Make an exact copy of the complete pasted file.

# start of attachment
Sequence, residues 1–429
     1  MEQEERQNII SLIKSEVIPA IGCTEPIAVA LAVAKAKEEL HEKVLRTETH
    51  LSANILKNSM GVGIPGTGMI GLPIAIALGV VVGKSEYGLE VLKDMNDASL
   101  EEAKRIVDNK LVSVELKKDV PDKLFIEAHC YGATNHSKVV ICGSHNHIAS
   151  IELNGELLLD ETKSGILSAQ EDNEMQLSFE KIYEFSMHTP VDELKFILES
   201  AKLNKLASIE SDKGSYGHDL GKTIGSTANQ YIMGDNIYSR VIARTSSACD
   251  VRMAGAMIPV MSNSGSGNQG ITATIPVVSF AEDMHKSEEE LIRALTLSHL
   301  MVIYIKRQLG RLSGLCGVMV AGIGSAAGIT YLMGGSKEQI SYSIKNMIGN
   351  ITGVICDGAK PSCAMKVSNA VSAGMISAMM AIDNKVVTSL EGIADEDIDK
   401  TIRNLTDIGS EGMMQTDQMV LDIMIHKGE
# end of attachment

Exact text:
Sequence, residues 1–429
     1  MEQEERQNII SLIKSEVIPA IGCTEPIAVA LAVAKAKEEL HEKVLRTETH
    51  LSANILKNSM GVGIPGTGMI GLPIAIALGV VVGKSEYGLE VLKDMNDASL
   101  EEAKRIVDNK LVSVELKKDV PDKLFIEAHC YGATNHSKVV ICGSHNHIAS
   151  IELNGELLLD ETKSGILSAQ EDNEMQLSFE KIYEFSMHTP VDELKFILES
   201  AKLNKLASIE SDKGSYGHDL GKTIGSTANQ YIMGDNIYSR VIARTSSACD
   251  VRMAGAMIPV MSNSGSGNQG ITATIPVVSF AEDMHKSEEE LIRALTLSHL
   301  MVIYIKRQLG RLSGLCGVMV AGIGSAAGIT YLMGGSKEQI SYSIKNMIGN
   351  ITGVICDGAK PSCAMKVSNA VSAGMISAMM AIDNKVVTSL EGIADEDIDK
   401  TIRNLTDIGS EGMMQTDQMV LDIMIHKGE